Clapham Junction Curt Ruts & Ghar il-Kbir Cave Complex
Malta is full of mystery. There are so many things that you will puzzle over and this is one of them. This time I would like to take you to explore the Clapham Junction area, also known at Ghar il-Kbir. It can be found right between the Dingli Cliffs and the Buskett Gardens.
What is so interesting to see in this place you may ask. Well it is considered to have the most extensive set of ruts on the Maltese Islands. Plus there is a large cave complex nearby which was still inhabited till 1835.
If you like unsolved mysteries the cart ruts will definitely catch your attention. Let’s start exploring, shall we?
The enigmatic cart ruts are Malta’s mysterious remains from the prehistoric times. Although many theories have been suggested for their creation and use, it is still a subject which can be highly debated. How and why they were formed/created? By who? For which reason? There are many unanswered questions surrounding this site.
Cart ruts similar to these can be found all over Malta and Gozo. Let’s just mention the ruts that you can see as part of Xemxija Heritage Trial.
What do we actually know about these ruts? These tracks differ in their forms. Some are rather flat and wide while others are deep and narrow. They are generally about 60cm deep and between 110 to 140cm apart. The exact purpose why and how these ruts were made is not known. However there seem to be a general agreement that these were used for transport related purposes.
A large number of these ruts seem to be located close to old quarries, which may suggest that these ruts were used to transport stones to building sites. Clapham Junction cart ruts are actually located in a very close proximity to Ta’ Zuta Quarry.
How were these ruts created? There are several suggestions of how this complex network of tracks (carved) in the rock was created. Some say that these ruts were caused by wooden-wheeled carts eroding soft limestone.
Why are the cart ruts referred to as Clapham Junction? It is reported that the “Clapham Junction” nickname was given by an Englishman, who later reported that it reminded him of the busy railway station Clapham Junction in London.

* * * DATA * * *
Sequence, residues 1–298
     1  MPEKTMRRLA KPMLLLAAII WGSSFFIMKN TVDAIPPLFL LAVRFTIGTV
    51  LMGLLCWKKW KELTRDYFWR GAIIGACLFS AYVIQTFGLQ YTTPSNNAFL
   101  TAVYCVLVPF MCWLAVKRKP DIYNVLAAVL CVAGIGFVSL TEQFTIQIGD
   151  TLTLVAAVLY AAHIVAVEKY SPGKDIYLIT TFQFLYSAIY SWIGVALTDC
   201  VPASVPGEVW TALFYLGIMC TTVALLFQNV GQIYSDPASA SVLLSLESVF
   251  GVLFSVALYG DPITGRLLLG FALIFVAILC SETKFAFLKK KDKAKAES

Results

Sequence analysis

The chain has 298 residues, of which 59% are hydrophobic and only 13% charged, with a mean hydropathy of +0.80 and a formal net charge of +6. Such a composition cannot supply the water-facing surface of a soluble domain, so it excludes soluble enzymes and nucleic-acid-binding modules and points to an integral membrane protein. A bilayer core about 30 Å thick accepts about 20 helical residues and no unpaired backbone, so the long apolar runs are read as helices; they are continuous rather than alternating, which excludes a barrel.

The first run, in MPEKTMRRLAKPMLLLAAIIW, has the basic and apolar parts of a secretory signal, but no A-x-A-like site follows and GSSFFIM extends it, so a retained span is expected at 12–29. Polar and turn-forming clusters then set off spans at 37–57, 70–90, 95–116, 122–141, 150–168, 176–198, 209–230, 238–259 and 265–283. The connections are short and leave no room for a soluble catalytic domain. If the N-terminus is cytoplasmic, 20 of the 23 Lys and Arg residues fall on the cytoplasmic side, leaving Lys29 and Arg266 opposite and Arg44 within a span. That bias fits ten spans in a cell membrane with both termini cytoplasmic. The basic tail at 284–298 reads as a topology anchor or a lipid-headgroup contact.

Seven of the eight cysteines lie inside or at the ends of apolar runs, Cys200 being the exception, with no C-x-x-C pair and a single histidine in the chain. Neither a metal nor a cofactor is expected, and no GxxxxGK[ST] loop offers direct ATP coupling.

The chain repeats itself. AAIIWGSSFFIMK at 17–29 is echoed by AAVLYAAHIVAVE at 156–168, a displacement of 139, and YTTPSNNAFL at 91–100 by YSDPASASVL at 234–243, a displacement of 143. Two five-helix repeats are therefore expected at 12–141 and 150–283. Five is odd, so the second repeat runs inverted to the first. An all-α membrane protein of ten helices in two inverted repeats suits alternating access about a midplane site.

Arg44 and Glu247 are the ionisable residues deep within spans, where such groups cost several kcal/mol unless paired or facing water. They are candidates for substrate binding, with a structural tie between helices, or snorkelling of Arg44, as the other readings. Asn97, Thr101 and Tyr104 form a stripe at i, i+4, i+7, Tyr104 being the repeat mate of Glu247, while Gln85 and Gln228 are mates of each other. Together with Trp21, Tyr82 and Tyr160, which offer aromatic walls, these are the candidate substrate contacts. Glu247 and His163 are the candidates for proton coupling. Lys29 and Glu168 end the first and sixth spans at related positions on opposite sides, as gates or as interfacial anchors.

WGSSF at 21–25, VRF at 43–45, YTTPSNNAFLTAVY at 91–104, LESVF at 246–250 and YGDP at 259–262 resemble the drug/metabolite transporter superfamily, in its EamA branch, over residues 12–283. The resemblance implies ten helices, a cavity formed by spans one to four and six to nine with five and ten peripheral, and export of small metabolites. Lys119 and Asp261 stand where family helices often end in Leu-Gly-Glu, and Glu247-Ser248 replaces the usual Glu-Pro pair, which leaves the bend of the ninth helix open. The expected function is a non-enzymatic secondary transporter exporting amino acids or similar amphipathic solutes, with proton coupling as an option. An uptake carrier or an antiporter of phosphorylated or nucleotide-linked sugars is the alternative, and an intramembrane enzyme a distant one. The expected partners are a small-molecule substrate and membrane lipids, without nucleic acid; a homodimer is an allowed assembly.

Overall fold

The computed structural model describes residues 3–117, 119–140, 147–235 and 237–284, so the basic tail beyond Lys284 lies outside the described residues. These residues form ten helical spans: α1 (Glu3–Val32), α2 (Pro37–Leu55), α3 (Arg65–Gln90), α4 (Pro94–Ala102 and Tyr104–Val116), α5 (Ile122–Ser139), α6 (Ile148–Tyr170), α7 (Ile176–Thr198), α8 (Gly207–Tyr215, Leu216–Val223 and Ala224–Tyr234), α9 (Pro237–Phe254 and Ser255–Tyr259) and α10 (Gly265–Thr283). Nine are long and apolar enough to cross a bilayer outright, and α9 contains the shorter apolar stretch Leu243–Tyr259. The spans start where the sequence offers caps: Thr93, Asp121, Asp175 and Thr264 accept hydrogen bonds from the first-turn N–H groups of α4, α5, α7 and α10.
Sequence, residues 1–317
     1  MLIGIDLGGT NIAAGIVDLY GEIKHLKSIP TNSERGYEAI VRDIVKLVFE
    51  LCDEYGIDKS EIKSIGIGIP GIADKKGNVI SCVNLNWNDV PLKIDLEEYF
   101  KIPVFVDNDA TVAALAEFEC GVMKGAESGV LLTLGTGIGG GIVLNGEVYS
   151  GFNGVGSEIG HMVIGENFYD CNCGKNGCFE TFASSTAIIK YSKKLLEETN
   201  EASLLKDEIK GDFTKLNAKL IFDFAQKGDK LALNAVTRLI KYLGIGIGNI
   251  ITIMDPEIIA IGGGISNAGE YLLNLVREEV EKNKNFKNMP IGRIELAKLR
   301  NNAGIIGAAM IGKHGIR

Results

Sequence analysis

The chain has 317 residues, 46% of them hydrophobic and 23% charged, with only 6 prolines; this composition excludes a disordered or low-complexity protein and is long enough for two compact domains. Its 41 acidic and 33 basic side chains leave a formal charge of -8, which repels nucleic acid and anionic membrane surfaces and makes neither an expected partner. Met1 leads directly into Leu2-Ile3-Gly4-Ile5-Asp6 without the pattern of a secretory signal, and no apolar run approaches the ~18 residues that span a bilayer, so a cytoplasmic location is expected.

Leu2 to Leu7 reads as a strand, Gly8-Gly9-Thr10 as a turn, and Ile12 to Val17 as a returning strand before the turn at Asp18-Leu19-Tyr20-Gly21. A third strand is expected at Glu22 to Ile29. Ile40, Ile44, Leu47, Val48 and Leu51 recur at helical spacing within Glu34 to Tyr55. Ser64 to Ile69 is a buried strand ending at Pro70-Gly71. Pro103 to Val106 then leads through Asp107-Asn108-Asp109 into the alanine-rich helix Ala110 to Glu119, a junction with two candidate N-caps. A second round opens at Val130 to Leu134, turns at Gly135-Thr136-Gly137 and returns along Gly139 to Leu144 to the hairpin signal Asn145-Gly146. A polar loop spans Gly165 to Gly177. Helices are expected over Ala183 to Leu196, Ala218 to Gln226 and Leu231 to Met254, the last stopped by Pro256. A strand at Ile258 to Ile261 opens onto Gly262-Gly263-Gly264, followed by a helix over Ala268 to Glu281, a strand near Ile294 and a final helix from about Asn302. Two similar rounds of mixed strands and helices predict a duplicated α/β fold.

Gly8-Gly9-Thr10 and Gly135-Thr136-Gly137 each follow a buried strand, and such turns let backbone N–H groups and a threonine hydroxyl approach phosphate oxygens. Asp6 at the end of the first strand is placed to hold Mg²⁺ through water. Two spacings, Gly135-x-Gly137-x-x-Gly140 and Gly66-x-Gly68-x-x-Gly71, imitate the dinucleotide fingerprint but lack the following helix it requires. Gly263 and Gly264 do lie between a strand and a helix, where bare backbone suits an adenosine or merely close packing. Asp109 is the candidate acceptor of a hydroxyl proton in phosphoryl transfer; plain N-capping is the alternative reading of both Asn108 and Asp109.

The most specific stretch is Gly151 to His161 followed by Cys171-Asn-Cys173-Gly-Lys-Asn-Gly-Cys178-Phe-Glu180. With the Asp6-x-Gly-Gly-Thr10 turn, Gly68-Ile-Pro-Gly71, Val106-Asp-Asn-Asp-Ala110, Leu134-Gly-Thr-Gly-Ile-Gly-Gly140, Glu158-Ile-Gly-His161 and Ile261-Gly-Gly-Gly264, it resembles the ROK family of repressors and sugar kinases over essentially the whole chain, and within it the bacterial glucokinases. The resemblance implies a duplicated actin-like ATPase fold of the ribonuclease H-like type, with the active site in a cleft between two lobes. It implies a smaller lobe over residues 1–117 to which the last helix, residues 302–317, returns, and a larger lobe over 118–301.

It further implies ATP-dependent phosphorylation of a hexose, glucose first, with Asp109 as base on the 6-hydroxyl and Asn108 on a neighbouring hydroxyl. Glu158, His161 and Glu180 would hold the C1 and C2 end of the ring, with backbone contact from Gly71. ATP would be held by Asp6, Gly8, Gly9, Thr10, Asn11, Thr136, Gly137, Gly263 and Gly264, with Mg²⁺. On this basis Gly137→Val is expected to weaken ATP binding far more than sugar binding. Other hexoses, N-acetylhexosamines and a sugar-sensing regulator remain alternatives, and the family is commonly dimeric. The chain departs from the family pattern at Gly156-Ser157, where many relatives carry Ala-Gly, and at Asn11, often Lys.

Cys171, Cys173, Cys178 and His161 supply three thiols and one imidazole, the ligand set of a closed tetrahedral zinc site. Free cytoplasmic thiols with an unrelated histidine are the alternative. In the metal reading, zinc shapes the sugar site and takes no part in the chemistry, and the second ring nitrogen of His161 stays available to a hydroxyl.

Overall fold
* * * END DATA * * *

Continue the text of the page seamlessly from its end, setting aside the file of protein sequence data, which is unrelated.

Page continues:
After exploring the Clapham Junction cart ruts start looking for the well hidden Misrah Ghar il-Kbir – a large cave complex. It has been documented since the 15th century and inhabited till 1835.
In the 17th century the community was visited by Athanasius Kircher, who actually left a description of his visit. He wrote that those people were healthy, they did not eat meat, they produced cheese and had a well-organised system. This community attracted a lot of interest of various visitors to Malta. Apparently even the Grand Masters usually suggested that their visitors should pay a visit to this location.
In 1835, the British authorities relocated the last inhabitants for health reasons to nearby Siggiewi.
Misrah Għar il-Kbir is one of the best known sites of medieval cave houses in Malta. Għar il-Kbir is not just a single cave, but actually several natural caves that were enlarged by the inhabitants.
Misrah Għar il-Kbir is a typical example of a karst feature settlement in Upper Coralline Limestone. Formed by the dissolution of carbonate rock by rainwater which led to underwater drainage and the formation of the underground cave. Today, the cave looks like a crater-like depression in the ground, because the ceiling of the central cave collapsed.
White visiting Ghar il-Kbir we didn’t count how many caves where actually there, but I’ve read that it is a complex of eight caves in two levels. This is one of them. Some of these caves are rather small while others are enormous! We were actually very impressed with what we found.
“There are many troglodytes in Malta. They dig caves and these are their homes.” So wrote Jean Quintin d’Autun after his visit to the Maltese Islands in 1533. Indeed, a study of minor place names indicates there may have been around ninety natural or man-made caves that might have been used for domiciliary or religious-cult purposes.
Għar Dalam (Birżebbuġa), aside, Għar il-Kbir (The Great Cave) in the limits of Dingli is by far the most well-known for its use over the centuries as a place of human habitation. Although the cave was in all probability originally a natural karst solution void, no trace of such origin remains today. In fact, what can be seen of Għar il-Kbir shows it to be a complex of rock-cut (man-made) interconnecting caves. (Malta Independent, 2016).
After exploring number of caves at the ground level let’s go and see what’s hidden for us underground.
All these natural caves that were enlarged by the inhabitants are also interconnected. There is always a small passage or a window leading from one cave to another.
This is the largest cave with the highest ceiling. The picture above is from the underground level and the picture below is taken from the ground level. You can tell that it’s a big cave when compared to the size of the ‘pallet table’ located in the middle.
We had visited as a group of four this time and I can safely say that we were all pleasantly surprised with what we had found. This large complex of caves is still in a very good condition I would say. Let’s hope it will stay this way in the years to come.
None of my photo blogs would be complete without tagging the exact location on GoogleMaps. I hope you enjoyed this blog, learnt something new and give site a visit some time soon.